by The Archivist

Dear Vintage Comics Fans,

Bud Blake (1918-2005) would have been 95 last week. He is, of course, most famous for TIGER, the gag-a-day adventures of a little boy and his neighborhood friends. Before that, though, Blake had been a successful advertising man and nationally syndicated King Features’ cartoonist doing a daily panel called EVER HAPPEN TO YOU?

It ran for eleven years, (1954-65), with the focus on reader-identifiable situations. This was a tried-and-true formula, used by past masters, such as Clare Briggs and H.T. Webster. But, Blake had a much more modern point of view, whereas earlier subjects often reflected poignant moments from childhood, Blake emphasized present concerns that would be encountered by suburban families, such as commuting, house parties, bridge games, unruly kids or pets, household upkeep, etc. In other words, the standard of living in grown-up, postwar America.

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Blake was a very funny man. His gags often had a clever turn to them, and really worked because he made his characters just a bit more manic, desperate or menacing than they should be.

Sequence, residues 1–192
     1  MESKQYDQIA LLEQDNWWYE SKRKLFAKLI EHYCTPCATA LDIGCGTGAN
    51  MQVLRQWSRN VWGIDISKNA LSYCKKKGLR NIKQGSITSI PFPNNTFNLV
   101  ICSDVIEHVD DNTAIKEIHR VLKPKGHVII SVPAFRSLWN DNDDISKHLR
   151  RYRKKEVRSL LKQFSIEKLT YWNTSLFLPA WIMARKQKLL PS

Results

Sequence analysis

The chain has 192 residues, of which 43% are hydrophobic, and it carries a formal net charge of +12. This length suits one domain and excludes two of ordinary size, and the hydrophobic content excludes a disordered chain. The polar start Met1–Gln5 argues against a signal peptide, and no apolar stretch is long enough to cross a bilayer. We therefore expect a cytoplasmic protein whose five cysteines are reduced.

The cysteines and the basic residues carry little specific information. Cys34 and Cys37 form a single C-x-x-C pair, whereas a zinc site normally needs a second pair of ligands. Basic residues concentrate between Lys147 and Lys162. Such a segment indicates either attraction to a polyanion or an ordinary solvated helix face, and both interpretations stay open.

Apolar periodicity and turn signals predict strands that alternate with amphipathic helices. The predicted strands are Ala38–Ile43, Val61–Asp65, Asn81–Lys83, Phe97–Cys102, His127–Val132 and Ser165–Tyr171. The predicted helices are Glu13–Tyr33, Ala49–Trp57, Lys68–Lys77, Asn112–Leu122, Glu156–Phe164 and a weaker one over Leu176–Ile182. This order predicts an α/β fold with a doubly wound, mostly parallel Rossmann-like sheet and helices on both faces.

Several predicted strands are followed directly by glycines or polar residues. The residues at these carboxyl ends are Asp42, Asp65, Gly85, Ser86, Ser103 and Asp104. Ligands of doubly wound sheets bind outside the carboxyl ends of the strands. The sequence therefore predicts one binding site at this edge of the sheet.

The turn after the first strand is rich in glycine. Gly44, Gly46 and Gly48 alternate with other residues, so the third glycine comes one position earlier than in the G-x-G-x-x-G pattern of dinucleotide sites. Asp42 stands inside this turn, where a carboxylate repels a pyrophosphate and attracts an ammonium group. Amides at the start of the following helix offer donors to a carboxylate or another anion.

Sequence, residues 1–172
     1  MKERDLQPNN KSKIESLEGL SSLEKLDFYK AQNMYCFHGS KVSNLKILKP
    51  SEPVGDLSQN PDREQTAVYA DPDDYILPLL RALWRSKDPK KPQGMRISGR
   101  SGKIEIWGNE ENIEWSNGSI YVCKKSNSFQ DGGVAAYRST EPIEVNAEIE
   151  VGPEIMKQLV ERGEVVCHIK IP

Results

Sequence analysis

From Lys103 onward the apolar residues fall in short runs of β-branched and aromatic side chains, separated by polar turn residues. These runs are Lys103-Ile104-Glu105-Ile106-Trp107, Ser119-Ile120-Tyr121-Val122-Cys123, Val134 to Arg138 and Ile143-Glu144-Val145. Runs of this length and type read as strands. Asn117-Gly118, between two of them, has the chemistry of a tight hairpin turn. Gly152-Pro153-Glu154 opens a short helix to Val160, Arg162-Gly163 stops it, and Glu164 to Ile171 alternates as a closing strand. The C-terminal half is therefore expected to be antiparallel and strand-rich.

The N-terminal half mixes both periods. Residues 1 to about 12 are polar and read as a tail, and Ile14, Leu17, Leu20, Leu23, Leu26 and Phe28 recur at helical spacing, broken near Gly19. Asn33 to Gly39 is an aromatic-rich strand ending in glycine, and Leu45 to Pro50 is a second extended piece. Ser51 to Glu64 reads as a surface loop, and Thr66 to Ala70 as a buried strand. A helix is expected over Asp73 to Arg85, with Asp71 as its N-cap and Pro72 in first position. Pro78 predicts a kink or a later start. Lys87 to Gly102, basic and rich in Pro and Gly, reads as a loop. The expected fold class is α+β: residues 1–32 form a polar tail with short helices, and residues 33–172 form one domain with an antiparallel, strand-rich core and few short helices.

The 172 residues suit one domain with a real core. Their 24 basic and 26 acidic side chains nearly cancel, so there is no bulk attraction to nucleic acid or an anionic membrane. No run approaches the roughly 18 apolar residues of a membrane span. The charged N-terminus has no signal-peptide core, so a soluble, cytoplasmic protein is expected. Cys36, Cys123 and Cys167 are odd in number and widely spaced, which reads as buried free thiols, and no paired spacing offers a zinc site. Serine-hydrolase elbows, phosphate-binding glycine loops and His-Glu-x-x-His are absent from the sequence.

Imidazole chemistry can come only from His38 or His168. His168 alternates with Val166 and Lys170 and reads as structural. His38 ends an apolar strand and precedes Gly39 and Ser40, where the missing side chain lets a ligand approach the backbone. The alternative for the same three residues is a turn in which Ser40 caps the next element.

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It was a good format for him, so even at the end the series it remained fresh and funny. Perhaps, he wanted to go back to the innocent world of kids for new inspiration. TIGER certainly reflected the world of kids in that same suburban milieu as the frantic adults of EVER HAPPEN TO YOU?, where ironically, Tiger, Hugo, Pumpkinhead, et alia, are far more composed and reasonable most of the time.

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A paperback collection published by Avon was published in 1963. Perhaps, someday, a new collection can be printed?

Yours,

The Archivist

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